Jordan Williams was 20 years old and an inpatient at the mental health unit in the Kalgoorlie Health Campus when he died.
- Coroner Michael Jenkin recommended the government build a new mental health facility in Kalgoorlie
- A spokesperson for the Health Minister says the recommendation is being considered, but critics say action needs to be taken urgently
- There are only six mental health beds in Kalgoorlie – servicing a population of 60,000 – and none for minors
Four years later, his uncle’s eyes well up as he runs his hand along his nephew’s headstone and remembers his infectious smile.
“He got into mischief like every other kid,” Ben Williams said.
“You could tell him off and he’d come back smiling and five minutes later.”
The coroner investigating Jordan’s death heard conditions in the mental health unit were so poor that visiting staff vowed to never return.
Jordan, who lost both his parents in the two preceding years, was experiencing an acute psychotic episode.
Coroner Michael Jenkin said it was “astounding” he was allowed out of his room and was able to escape having already absconded once earlier in the day.
‘dig out some money’
In his findings, Mr Jenkin called for the West Australian government to deliver a completely new, adequately staffed mental health unit in the Goldfields as soon as possible.
Despite a $5.7-billion surplus, the government did not commit any money to the proposal in its May budget.
WA Health Minister Amber Jade Sanderson declined to speak to the ABC about the matter.
A spokesperson said the recommendations were being considered.
Ben, a boilermaker, said he was worried more families in the Goldfields would lose loved ones before action was taken.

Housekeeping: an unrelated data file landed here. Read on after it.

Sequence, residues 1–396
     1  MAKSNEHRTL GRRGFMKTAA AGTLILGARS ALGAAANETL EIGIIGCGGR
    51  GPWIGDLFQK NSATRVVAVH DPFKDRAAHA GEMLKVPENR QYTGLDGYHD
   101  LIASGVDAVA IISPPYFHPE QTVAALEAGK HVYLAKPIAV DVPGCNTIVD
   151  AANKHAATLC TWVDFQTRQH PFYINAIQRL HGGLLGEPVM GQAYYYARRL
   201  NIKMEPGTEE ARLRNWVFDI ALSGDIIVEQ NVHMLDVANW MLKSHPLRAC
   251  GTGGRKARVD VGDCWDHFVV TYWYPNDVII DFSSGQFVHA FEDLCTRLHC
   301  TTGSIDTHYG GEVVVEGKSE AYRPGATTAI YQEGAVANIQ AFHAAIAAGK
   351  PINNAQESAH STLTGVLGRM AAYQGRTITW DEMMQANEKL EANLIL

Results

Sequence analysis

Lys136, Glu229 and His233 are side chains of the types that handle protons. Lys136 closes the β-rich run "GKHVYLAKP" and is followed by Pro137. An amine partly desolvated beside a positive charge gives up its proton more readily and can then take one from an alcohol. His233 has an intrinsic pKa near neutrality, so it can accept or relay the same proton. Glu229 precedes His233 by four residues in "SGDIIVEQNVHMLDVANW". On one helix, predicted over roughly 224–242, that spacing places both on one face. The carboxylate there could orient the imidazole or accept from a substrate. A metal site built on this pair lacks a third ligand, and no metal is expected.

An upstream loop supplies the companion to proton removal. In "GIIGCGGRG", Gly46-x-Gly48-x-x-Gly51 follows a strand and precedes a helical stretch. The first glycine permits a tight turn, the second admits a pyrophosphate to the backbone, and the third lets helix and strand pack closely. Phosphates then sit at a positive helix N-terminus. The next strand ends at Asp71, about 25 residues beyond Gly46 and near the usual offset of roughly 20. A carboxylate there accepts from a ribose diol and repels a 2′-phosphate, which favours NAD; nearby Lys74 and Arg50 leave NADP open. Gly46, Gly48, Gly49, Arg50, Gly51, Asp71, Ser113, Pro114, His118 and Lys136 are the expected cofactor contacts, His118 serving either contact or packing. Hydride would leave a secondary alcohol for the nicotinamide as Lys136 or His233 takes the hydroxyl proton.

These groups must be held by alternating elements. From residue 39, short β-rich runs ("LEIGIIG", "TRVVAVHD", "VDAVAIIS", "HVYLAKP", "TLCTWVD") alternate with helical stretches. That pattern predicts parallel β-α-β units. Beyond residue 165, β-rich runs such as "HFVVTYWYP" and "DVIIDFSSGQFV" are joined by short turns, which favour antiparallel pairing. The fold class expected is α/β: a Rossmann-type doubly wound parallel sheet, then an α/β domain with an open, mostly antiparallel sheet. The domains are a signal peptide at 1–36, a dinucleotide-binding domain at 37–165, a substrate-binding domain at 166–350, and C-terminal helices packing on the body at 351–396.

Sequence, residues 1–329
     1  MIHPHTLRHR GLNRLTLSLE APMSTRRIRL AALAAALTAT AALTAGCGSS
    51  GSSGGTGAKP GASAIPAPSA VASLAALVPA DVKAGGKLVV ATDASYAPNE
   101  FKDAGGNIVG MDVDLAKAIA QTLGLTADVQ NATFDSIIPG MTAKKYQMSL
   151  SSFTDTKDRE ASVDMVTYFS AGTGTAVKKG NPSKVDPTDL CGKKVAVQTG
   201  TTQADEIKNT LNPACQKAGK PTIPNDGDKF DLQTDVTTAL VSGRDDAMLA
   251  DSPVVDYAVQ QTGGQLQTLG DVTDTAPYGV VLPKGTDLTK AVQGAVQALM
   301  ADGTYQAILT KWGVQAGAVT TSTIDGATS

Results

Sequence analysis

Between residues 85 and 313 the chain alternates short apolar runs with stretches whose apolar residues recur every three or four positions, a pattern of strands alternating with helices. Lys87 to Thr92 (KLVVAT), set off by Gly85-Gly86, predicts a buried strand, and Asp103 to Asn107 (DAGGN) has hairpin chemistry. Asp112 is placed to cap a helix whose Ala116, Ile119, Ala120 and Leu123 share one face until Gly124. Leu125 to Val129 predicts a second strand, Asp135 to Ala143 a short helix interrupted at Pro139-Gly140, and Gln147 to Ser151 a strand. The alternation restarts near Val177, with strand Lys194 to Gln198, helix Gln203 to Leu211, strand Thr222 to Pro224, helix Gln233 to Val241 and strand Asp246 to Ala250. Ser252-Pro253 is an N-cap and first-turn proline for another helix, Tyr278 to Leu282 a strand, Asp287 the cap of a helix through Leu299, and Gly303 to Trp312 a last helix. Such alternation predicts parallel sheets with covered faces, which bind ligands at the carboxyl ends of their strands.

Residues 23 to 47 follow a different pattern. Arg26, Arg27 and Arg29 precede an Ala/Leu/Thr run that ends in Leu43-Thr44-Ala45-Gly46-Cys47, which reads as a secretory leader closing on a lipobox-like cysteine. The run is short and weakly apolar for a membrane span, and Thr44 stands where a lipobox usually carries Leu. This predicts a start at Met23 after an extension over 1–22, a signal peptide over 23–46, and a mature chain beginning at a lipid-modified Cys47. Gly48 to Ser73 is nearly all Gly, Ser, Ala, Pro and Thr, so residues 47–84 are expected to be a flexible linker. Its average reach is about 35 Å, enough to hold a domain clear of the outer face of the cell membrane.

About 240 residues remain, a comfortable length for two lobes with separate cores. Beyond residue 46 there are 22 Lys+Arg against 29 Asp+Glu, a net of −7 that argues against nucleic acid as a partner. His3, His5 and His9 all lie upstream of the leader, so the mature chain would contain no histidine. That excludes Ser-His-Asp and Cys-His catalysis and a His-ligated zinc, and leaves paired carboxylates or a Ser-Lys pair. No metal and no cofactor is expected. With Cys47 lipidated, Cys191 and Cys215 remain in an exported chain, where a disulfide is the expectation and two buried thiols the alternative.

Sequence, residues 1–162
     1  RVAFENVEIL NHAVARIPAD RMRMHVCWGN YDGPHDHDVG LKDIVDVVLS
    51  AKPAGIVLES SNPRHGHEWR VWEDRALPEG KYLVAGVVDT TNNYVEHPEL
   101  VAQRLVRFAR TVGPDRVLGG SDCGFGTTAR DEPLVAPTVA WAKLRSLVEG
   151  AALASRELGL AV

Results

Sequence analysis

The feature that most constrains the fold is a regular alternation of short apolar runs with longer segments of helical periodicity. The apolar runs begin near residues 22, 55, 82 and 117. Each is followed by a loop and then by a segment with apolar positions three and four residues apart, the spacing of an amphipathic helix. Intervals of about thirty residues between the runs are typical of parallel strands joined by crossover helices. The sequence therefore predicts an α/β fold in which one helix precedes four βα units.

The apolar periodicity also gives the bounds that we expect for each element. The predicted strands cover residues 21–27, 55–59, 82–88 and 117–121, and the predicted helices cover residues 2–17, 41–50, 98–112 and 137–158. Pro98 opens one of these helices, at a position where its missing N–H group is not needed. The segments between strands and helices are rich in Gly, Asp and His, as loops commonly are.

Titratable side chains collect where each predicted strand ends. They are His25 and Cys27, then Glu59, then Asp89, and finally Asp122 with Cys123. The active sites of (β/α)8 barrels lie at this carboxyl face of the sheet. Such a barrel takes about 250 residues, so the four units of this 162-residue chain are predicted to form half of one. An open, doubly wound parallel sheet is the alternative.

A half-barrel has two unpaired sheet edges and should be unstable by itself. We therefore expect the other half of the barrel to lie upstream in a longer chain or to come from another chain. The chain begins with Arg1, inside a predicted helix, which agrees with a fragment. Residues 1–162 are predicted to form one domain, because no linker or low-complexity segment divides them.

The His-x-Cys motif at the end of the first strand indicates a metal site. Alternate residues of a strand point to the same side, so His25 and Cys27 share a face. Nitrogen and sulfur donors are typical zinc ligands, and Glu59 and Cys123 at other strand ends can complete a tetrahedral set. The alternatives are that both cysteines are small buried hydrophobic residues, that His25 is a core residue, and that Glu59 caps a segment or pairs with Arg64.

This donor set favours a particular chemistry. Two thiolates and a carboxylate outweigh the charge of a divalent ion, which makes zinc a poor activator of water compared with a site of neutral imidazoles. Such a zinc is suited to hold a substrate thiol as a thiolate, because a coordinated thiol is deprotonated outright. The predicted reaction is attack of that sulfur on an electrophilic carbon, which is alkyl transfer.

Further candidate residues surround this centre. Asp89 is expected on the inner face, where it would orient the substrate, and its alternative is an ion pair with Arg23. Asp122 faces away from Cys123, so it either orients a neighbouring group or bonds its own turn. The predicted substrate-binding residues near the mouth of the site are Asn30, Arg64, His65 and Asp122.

“Put your hand in your wallet and dig out some money for this facility, because we need it,” he said.
The resource-rich Goldfields region has one of the highest suicide rates in the country.
“In the Goldfields here, we bust our asses and we work,” Ben said.
No beds for suicidal youth
Sharon Duffy also struggled to get help for her son, Bryce Duffy, in Kalgoorlie.
“He was suicidal and we needed help at the hospital, which was really hard, because there’s no child mental health beds at the hospital,” she said.
“So we just went home and had to deal with it ourselves in the family.”
Bryce, who had a history of trying to get help, died at the start of last year at the age of 19.
“It feels powerless,” Ms. Duffy said.
There are six inpatient mental health beds for the entire Goldfields area, which is more than three times the size of Victoria and has a population of almost 60,000.
There are no beds for patients younger than 18.
Just months after losing Bryce, Ms Duffy joined a ministerial mental health task force via local MLA Ali Kent to advocate for more beds for suicidal youth.
“It would mean a lot to me just knowing that not as many, or no families, hopefully, would have to go through what my family has, and lose someone that they love,” Ms Duffy said.
‘Screaming’ to be heard
Amy Astill has lived in Kalgoorlie all her life.
The 20-year-old councilor, one of the youngest in WA’s history, said she could no longer count on her hands and toes the number of friends she had lost to suicide.
“Young people here are screaming and asking for help,” Ms Astill said.
“The evidence shows that the help that we’re asking for is justified and I think that’s when we see more issues arise, when young people ask for help and they’re ignored.”
Opposition spokesperson for Health Libby Mettam said Mark McGowan’s government had dragged its heels on the issue.
“It is plainly clear that the Kalgoorlie community deserves a dedicated facility,” she said.
She called on the Health Minister to commit to funding a new unit and said reports of suicidal youth being sent home were “deeply concerning.”
“The fact that the McGowan government is ignoring the pleas from the WA Coroner to fast-track a dedicated facility in a region which has experienced some of the country’s highest suicide rates absolutely beggars belief.”
The WA Country Health Service offered its condolences to the Williams family, but Mr Jenkin noted in his report that words meant little by themselves.